Why is it that stomach pain is more common in women than in men? There are many causes of stomach pain. Most causes are not serious. Mild stomach pain can be caused by an upset stomach, gas pains, or eating too much. There are many organs in the abdomen that can also cause pain in women. In women, pain can also be caused by female organs or pregnancy. All women of childbearing age with abdominal pain should consider the chance that they are pregnant. However, stomach pain is more likely to be serious in an older person. Keep reading to know about the most common causes of stomach pain in women.
Causes of stomach pain in women
Eating too much can cause an upset stomach and mild stomach pain. As a woman, you will experience some discomfort or pain in your abdomen from time to time. It could even be due to simple reasons such as poor sleeping habits or something you ate that is distressing your stomach. However, issues arising from the digestive tract are not always the root cause of abdominal pain. Here are the main causes of stomach pain in women:
When you feel discomfort in your upper abdomen or you feel full soon after you start eating, these are the symptoms of Indigestion. If you are suffering from indigestion, you may feel some burn or discomfort or bloating in the upper abdominal, uncomfortable after a meal or early fullness during a meal, or you may have nausea. This can be caused due to smoking, fatty or greasy food, anxiety, overeating or eating to quickly, too much alcohol, chocolate, alcohol or carbonated beverages. Certain antibiotics, pain relievers and iron supplements can help in providing relief.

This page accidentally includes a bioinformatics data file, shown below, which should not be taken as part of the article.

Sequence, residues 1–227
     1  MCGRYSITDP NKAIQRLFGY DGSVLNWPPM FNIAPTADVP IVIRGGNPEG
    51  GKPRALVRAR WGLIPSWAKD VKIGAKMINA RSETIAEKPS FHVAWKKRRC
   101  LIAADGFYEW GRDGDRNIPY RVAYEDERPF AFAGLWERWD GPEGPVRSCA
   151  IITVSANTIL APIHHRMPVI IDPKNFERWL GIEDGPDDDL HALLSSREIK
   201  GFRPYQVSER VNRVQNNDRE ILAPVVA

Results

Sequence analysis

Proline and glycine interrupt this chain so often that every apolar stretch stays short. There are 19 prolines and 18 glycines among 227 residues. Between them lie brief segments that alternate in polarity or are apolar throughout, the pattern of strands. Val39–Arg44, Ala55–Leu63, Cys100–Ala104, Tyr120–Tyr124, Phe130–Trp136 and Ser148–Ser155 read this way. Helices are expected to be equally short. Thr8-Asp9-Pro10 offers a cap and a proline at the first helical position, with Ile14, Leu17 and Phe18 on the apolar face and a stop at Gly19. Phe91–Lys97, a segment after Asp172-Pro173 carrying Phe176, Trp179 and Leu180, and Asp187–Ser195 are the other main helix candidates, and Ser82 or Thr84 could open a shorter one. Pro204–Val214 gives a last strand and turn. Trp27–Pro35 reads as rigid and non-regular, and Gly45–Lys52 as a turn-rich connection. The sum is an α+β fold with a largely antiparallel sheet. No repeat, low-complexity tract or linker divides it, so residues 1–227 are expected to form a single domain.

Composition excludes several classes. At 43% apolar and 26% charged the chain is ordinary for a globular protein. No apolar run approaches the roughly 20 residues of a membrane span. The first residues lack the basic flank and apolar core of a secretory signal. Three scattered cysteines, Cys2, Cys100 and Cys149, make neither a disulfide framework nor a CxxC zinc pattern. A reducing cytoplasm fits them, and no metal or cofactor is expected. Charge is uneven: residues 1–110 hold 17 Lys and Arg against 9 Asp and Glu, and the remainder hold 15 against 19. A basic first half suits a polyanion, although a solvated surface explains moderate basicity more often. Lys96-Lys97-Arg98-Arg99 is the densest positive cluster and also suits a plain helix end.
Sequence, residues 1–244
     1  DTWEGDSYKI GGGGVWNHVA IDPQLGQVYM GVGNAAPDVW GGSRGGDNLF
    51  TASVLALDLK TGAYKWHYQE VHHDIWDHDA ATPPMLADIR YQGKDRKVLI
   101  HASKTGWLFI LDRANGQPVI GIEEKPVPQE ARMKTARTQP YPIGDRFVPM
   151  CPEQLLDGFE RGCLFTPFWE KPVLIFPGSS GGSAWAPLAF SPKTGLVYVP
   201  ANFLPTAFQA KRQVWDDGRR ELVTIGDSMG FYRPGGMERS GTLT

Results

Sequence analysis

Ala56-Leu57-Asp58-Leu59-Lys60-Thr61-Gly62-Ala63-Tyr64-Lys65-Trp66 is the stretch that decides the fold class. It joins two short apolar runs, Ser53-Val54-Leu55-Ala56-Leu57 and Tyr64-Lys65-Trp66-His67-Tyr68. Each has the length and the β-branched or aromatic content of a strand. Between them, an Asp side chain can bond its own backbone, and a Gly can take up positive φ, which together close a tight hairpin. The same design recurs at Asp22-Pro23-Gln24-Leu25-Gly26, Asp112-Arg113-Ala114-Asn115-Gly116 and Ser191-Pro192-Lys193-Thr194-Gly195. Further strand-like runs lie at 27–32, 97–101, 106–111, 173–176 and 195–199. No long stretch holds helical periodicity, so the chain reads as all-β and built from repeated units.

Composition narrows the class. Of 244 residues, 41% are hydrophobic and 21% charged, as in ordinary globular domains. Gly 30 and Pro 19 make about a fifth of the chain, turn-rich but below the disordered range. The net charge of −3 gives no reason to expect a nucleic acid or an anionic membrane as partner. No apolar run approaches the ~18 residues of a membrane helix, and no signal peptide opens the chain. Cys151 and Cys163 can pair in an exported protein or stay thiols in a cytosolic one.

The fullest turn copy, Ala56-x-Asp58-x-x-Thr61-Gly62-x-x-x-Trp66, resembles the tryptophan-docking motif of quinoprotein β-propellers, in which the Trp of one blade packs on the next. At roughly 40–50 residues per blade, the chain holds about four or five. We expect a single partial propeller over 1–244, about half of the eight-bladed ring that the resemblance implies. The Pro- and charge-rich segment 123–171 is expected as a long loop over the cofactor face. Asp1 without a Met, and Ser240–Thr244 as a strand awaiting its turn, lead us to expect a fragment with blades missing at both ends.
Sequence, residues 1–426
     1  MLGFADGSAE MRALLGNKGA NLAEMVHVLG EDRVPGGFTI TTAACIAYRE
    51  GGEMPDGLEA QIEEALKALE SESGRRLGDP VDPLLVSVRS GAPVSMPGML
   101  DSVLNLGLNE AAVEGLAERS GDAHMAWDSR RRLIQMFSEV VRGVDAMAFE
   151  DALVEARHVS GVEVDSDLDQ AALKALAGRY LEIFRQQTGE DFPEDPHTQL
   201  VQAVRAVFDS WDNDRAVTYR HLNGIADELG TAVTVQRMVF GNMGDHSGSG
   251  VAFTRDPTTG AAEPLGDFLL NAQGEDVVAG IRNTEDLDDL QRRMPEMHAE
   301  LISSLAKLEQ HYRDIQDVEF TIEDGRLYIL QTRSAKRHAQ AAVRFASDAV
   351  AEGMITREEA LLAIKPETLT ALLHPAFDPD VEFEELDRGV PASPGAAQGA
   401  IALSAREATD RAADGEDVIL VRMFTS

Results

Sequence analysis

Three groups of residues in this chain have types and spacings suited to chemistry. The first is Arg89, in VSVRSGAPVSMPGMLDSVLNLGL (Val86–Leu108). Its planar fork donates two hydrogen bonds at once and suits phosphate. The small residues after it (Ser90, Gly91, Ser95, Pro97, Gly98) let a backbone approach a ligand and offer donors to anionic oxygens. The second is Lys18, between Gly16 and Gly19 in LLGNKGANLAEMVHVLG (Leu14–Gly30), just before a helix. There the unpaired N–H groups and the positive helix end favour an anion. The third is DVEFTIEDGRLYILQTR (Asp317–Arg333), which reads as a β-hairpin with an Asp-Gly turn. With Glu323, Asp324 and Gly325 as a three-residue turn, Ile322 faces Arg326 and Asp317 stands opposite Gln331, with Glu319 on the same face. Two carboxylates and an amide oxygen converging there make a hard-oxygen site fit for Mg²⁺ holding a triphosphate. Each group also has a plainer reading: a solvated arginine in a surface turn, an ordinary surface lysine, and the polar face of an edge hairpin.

Also read: Abdominal Pain: All You Need To Know
2. Menstrual cramps
One of the most common causes of stomach pain in women is menstrual cramps. During your menstrual period, your uterus contracts to help expel its lining. Hormonelike substances (prostaglandins) involved in pain and inflammation trigger the uterine muscle contractions. Higher levels of prostaglandins are associated with more-severe menstrual cramps.
3. Ovarian cyst
Most cysts don't cause symptoms and go away on their own. However, a large ovarian cyst can cause pelvic pain and stomach ache. The pain can feel like a dull or sharp ache in the lower abdomen on the side of the cyst. Fullness or heaviness in your abdomen is also a common symptom of large ovarian cyst. Ovarian cysts are common, especially with women in the childbearing age as well as expectant mothers. The pain can be felt on either side of your lower stomach, depending on which ovary had the cyst. You may experience spotting as well.
UTIs or urinary tract infections can typically cause bladder-specific symptoms such as cloudy urine or pain when you urinate. However, the bacteria causing the infection can also affect your abdomen, specifically your lower abdomen. You may experience a lot of pressure and pain, and bloating can occur. Sometimes the only symptom is pain in the lower abdomen.
5. Pelvic Inflammatory Disease (PID)
PID is an infection or inflammation of the female reproductive organs. It can affect the ovaries, fallopian tubes, uterus, or a combination. The pelvic inflammatory disease usually occurs when sexually transmitted bacteria from the vagina or cervix spread to other reproductive organs. PID often causes no symptoms but might be detected later if you develop chronic pelvic pain or have trouble with conception.
The discomfort may also feel like pressure, fullness, or heaviness in the lower abdomen. Symptoms of abdominal pain may worsen during urination or bowel movements, intercourse, or long periods of standing or sitting. Certainly, you should consider seeking medical attention if the pain persists.